Admitting the possibility of failure: weak or strong?


Andy Murray has admitted he may never win at Wimbledon.    Question:  does that make him weak or strong?

Andy Murray: who would you prefer? Mr Tumble?

“The players around right now are so good and so consistent that it’s going to be a tough tournament for me to win.  I’ve thought about finishing my career and not winning Wimbledon and I’m comfortable with that.”

There are some who would say that if you visualise something it makes it more likely to happen (ask any athlete or their coach:  visualising oneself winning the race is a well established and widespread technique.)  So is’t Murray weakening himself mentally by allowing himself to contemplate not winning?

Personally I think not.  The opposite in fact.  I suspect it has liberated him.  On the one hand he has taken the lead in managing expectations of an ever-demanding Great British Public, who are oh so keen for him to win.   He has also refined his personal goal so that it feels Achievable.  If you have goals which you don’t believe in, the tend to demotivate rather than motivate:  I bet this has given him a huge burst of extra energy from having looked the possibility of failure in the face.

Andy Murrat wimbledon speechWhat I particularly admire about what he has done here is that he has shown Authenticity.  He has been honest with himself and with us, and used what Robert Goffee in his great leadership book “Who should anyone want to be led by YOU?” would call “Controlled Disclosure”.  He has deliberately revealed a vulnerability, thus making him more human, more real and more believable.  Murray has gradually been lowering his facade of toughness, (remember his tearful speech at Wimbledon last year – a powerful and memorable piece of communication if ever there was one?), and he comes across as all the more powerful and in control of himself every time he does it.

I wonder whether we should encourage people to become more OK with failing?  Children these days are set such high targets in life, and we as parents have such high expectations of them:  they can’t all win everything, and maybe we should do more to help them to learn from failing.  I’ve always thought that there is no such thing as a bad experience (within reason) as long as you learn from it.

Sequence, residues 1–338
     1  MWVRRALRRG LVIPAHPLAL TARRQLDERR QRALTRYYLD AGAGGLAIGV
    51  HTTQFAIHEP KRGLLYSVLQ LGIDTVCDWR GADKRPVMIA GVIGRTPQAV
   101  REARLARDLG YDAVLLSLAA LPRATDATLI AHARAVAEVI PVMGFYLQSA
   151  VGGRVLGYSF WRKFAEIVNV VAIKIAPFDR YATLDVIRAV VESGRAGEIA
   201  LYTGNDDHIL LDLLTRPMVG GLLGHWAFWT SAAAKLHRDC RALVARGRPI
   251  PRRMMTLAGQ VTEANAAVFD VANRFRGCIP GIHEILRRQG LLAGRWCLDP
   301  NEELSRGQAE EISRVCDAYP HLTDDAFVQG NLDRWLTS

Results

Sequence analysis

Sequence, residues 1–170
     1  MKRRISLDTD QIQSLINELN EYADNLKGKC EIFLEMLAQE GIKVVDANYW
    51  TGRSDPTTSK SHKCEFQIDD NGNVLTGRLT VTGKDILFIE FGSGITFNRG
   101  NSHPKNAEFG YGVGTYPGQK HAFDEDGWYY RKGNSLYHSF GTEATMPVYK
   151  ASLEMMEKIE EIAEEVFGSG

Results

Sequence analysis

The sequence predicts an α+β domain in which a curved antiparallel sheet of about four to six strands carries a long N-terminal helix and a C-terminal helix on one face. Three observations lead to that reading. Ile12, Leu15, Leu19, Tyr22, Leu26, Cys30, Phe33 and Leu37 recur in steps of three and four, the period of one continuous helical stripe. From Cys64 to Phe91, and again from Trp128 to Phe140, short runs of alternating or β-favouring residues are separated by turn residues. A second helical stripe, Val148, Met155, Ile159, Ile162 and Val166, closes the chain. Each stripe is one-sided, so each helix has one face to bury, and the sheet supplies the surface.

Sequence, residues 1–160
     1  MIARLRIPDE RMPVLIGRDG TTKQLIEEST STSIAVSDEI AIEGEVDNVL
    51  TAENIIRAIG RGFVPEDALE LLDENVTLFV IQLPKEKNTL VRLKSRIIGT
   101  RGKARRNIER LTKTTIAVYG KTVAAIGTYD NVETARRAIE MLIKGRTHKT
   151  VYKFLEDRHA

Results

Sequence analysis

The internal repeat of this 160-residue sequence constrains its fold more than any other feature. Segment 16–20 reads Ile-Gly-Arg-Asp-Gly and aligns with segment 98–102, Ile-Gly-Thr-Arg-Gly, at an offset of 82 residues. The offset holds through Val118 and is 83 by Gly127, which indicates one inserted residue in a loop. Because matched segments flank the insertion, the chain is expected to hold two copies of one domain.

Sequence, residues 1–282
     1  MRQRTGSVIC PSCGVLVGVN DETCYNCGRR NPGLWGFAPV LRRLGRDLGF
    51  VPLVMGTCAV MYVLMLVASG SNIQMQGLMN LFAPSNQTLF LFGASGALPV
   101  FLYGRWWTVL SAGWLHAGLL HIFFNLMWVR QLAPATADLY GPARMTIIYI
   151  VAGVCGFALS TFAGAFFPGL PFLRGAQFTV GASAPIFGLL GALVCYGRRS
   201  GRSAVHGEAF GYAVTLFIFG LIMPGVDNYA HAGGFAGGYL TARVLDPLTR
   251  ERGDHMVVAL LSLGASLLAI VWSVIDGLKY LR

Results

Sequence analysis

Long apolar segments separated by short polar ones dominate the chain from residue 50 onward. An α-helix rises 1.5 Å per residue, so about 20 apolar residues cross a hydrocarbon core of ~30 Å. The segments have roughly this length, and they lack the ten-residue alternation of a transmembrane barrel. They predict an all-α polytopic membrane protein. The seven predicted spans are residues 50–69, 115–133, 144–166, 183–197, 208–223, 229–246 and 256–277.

I understand that Oxford High School is aiming to help pupils learn how to fail by setting tests in which it is impossible to get a perfect score.  These have been designed, apparently. specifically for girls, who set themselves much higher goals and strive for the perfect score much more than boys. The more answers you get right, the harder the test becomes, so that however well you do it will always show room for improvement.  I think this is an interesting idea, and plan to find out more about it.

I work with plenty of organisations where failing and learning from it is not a well developed skill.  It seems to be required that everyone puts on a demeanour of impending success, even when they all know full well this this may be unlikely.  Being good at faking it is  more important than reviewing, learning from mistakes and indeed encouraging failure.

Well done, Andy, this was excellent leadership.  I bet it’s put a tiny bit of extra spring in your step, which should come in handy over the next two weeks!

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About Michael Brown Training

I'm a business skills trainer, facilitator and coach. I've been helping people to learn for 16 years, working all around the world on topics such as Negotiation, Conflict Handling, Sales, Leadership, Consulting and Personal Effectiveness. I'm an ENFP, constantly looking for new and inspiring things to do. I love my job for its variety and the stimulation I get from it, and spend most of my time seeing how far we can go with the subjects we work on in the training room. I've recently started a new venture in making video on how NOT to do things, which you can find at www.hownot2.com
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6 Responses to Admitting the possibility of failure: weak or strong?

  1. Marieke says:

    I agree re Andy’s openness and authenticity, and its application for leadership.

    However, the notion of creating a test for school children that is impossible to get a perfect score, strikes me as rather extreme! Rather than teaching high performing school girls how to fail (gracefully?!), perhaps it’ll teach them not to bother in the first place… How very demotivating! Perhaps as adults we can recognise that there is always room for improvement, but surely children can be let off the hook now and again!

    Like

  2. Not sure I would have the courage to do it…and it likely inspired his opponents, but admire him for it.

    Like

  3. Carolann says:

    Great post, Michael. I admire Andy’s authenticity, too, and I am rooting for him!

    Like

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